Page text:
Professor in Biological Sciences and Freshwater Sciences. PhD Biological Oceanography, U. British Columbia. Postdoctoral work, Brookhaven National Laboratory. Fellow of the Association for the Sciences of Limnology and Oceanography. Research interests include marine and freshwater phytoplankton and zooplankton ecophysiology and biochemistry, including molecular (e.g. evolution of cell death proteases) and biomathematical (e.g. agent-based modelling) approaches.
Curator (research professor) in the Integrative Research Center, Field Museum of Natural History, Chicago and Member of the Committee on Evolutionary Biology, University of Chicago
Research interests include evolutionary systematics, biogeography, comparative morphology, and taxonomy, with special focus on marine Mollusca, especially Gastropoda and Bivalvia. As a “museum person,” he is particularly interested in the development and application of organismal, collections-based research, ranging from extensive new field surveys and large-scale specimen and data management issues, to the integration of morphological, paleontological, and molecular data to address biological research questions. He recently served as lead PI of the Bivalve Assembling-the-Tree-of-Life (BivAToL.org) effort and is involved in coral reef restoration projects and associated invertebrate surveys in the Florida Keys. Past offices include service as president of the American Malacological Society and of the International Society of Malacology (Unitas), and he currently is a chief editor in the MolluscaBase.org effort.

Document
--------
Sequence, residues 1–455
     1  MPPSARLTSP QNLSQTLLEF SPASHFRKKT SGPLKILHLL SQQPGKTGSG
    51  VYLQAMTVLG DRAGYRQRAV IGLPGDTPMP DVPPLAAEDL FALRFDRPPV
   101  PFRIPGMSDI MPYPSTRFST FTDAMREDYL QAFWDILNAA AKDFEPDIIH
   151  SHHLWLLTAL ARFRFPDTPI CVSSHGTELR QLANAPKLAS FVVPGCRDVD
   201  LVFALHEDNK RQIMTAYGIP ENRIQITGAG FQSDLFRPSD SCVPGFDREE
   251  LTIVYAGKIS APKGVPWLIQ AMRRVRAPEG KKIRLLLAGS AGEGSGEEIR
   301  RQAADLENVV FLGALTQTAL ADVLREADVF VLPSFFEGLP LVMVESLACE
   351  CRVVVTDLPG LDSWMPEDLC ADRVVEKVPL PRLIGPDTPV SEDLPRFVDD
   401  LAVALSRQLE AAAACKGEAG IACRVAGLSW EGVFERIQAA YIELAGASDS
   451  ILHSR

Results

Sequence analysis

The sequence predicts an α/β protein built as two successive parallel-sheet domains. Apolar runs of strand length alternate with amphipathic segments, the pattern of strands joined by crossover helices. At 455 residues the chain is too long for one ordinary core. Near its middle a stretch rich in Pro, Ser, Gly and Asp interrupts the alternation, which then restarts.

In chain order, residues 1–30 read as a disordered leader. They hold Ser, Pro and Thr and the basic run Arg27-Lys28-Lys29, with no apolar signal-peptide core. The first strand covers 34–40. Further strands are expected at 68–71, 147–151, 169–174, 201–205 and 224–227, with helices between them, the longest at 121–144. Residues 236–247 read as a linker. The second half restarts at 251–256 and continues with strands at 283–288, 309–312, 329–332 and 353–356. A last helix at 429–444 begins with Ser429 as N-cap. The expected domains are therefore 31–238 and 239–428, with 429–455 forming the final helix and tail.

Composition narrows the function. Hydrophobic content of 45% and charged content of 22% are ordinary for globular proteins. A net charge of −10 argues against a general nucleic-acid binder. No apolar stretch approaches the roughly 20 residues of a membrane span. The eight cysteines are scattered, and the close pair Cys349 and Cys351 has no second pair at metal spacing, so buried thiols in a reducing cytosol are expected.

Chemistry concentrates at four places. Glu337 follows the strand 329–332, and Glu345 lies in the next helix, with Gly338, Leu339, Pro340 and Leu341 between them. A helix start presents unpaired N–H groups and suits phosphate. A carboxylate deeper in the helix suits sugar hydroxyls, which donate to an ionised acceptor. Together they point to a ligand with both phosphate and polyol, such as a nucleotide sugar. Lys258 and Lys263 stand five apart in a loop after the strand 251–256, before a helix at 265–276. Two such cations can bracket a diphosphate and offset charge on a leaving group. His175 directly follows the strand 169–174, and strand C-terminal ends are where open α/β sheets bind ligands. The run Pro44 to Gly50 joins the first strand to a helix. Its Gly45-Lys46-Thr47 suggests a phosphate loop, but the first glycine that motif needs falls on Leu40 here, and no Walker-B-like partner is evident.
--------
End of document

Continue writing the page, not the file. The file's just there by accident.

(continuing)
Researcher at the Helmholtz Centre for Environmental Research - UFZ and head of the food web ecology lab.
Research interests include: Lotic ecosystem processes, freshwater food webs, benthic secondary production, functional assessment, stable isotopes, invasive species.
Professor in Arctic Freshwater biology at University of Copenhagen, Denmark, and The University Centre in Svalbard, Norway. Previously Center leader of Polar Science Center, Faculty of Natural Sciences, University of Copenhagen (2009-14), member of the international steering committee for CAFF/CBMP-freshwater Program (2011-present), coordinator for the Danish/Greenland expert group in CBMP-freshwater (2012-present), board member of the Arctic Station Council, University of Copenhagen, Greenland (2005-present), member of Scientific Board for Austrian Academy of Sciences (2008-2012), member of the Danish Research Council (2007-2013), member of accreditation boards for Norwegian education institutions (2006 and 2007), Ad hoc member of evaluation boards for the Finnish, Norwegian and Swedish Research Councils (1998-present),
Principal investigator at the University of Hamburg, Germany. Former fellow of the Volkswagen Foundation. Member of AcademiaNet, ESEB and DZG (German Zoological Society)